Why Do We Do This?

The special relationship of a newspaper to its community


In our last edition we republished, as we do every year, the first editorial from The Storm Lake Times on June 29, 1990. It is entitled, “What we believe” and was penned by Brother John to explain the special relationship of a newspaper to its community. It remains an eloquent statement today.

Its publication reminds me why I got into the business.

It was not to make money. If it were, I was on a fool’s errand.

I was in the post-Watergate journalism class that dumped on US newspapers like a tsunami in the late 1970s. We wanted to make a difference.

More than 30 years later, my peers are wondering if they made the right choice. The newspaper in New Orleans just gutted its newsroom and will switch to three times a week publication. The Times Picayune is owned by a chain.

All the newsboys cheered when Warren Buffett bought the Omaha World Herald, then set off on a buying spree of 63 more newspapers. Their white knight has owned the Buffalo News in New York for many years, a decent if neglected daily. The World Herald will be as good as the Buffalo News and vice versa.

Warren Buffett may be a great guy and save short-sighted publishers from themselves for a time. But that’s how the chain concept works: The old family paper is bought with Wall Street money that expects a 25-40% rate of return, which is what monopoly daily newspapers sent home to investors from 1990 to 2008. And that’s the problem with the newspaper industry. It’s not the Internet. It’s not radio or TV or video games or reader indifference.

It’s greed.

Abe Rosenthal, the former executive editor of the New York Times, once said that the difference between a good newspaper and a great one is the difference between a small loss and a small profit.

The Des Moines Register was truly one of the nation’s great newspapers when it was family-owned and cranked out an 8-10% profit margin for Gardner Cowles and clan. The elder Cowleses might have been fat and happy, but the trust babies weren’t. Then Gannett bought it. It remains a good newspaper that puts out great profits, but The Register is not a great newspaper anymore.

Cowles’ first mission was to get Iowa out of the mud and pave the roads, not achieve a 40% cash flow.

If Advance Publications, owners at New Orleans and Mobile and Birmingham, could settle for an 8% profit margin, the Times Picayune, Press Register and Birmingham News would be running on all eight cylinders.

They forgot why they’re in the business.

It is to serve the community.

If you are a doctor in it for the money, you’re in it for the wrong reasons. Your patients will not trust you. You will make bad decisions.

If you’re a banker in it for the money, you belong at Citibank — not Central, Citizens or Security, where their cause for being was to build Storm Lake homes, businesses and farms.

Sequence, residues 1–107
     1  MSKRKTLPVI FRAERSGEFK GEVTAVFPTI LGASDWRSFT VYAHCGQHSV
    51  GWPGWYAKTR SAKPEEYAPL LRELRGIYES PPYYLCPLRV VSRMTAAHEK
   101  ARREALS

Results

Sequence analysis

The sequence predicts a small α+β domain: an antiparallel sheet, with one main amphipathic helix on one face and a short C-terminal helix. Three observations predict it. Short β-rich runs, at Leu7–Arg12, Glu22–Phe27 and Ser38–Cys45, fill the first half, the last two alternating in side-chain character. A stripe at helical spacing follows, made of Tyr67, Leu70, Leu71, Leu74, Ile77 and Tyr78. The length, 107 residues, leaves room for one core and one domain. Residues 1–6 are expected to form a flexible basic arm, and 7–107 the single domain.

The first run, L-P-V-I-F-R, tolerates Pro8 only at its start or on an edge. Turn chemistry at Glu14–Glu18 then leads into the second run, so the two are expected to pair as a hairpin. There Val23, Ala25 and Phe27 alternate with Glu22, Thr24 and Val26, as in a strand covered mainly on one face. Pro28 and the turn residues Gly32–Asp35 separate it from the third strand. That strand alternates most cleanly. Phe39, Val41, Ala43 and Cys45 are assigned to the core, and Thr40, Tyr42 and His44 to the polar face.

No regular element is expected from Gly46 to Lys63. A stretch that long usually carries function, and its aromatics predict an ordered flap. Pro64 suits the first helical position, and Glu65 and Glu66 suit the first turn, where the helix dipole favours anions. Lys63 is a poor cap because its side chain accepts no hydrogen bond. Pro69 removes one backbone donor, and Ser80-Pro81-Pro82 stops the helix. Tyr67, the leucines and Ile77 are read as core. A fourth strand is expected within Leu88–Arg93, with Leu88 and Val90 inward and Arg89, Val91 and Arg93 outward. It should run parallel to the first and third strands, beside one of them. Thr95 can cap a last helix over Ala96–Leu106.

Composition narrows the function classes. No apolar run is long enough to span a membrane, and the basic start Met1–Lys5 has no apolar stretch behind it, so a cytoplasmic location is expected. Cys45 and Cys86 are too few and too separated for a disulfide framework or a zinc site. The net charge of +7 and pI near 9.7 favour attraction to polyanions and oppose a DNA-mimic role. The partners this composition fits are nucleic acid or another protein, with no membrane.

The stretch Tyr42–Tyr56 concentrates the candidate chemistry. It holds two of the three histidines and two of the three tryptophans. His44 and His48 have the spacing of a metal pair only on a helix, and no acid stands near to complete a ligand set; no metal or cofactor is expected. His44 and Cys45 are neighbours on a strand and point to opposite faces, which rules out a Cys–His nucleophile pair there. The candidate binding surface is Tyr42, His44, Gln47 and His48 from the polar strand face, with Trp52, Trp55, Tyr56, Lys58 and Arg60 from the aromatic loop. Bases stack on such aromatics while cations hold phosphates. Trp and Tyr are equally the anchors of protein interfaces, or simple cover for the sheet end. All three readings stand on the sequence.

And if you work for a community newspaper hoping to get rich, you should have been a hedge fund manager. People accuse us of just wanting to sell papers. True enough. The reason we want to sell papers is to support our journalism, which supports the community.

All we care about is Buena Vista County and its people. We do not worry about some town in Nebraska or Indiana. We phone into no overlord with green eye shades. We make enough money to keep as friends the community bankers who have supported us every step of the way. The Rosenthal formula works for us.

We still believe that newspapers have an obligation to report news, provoke thought and hold government accountable. We believe that with our First Amendment freedoms come responsibilities to our readers that come before fattening the bottom line.

The bottom line of the community newspaper will do just fine if we remember that we are here first to present the news straight with semi-lucid commentary. That has been our experience.

I suspect that if the megabanks had stuck to making loans for homes and businesses to people they knew we would not be in the financial calamity we are in.

Towns with locally owned banks and newspapers — who care only about that town — will be the strongest. Sioux County? Strong local banks and two strong local newspapers. Carroll? Local banks, a local daily newspaper in the same family for more than a century. Storm Lake? Big local banks and one local newspaper.

Eventually Wall Street will figure out that it cannot continue to suck high levels of profit out of a mature industry — the news industry. When it can’t, it will call in the bonds and the newspapers will return to local hands. Maybe bluebloods, maybe rebels with a cause. Their communities will be the stronger for it.

There is nothing wrong with the news industry that a little passion for the profession can’t cure.

Cullen is editor of The Storm Lake (Iowa) Times.

From The Progressive Populist, August 15, 2012


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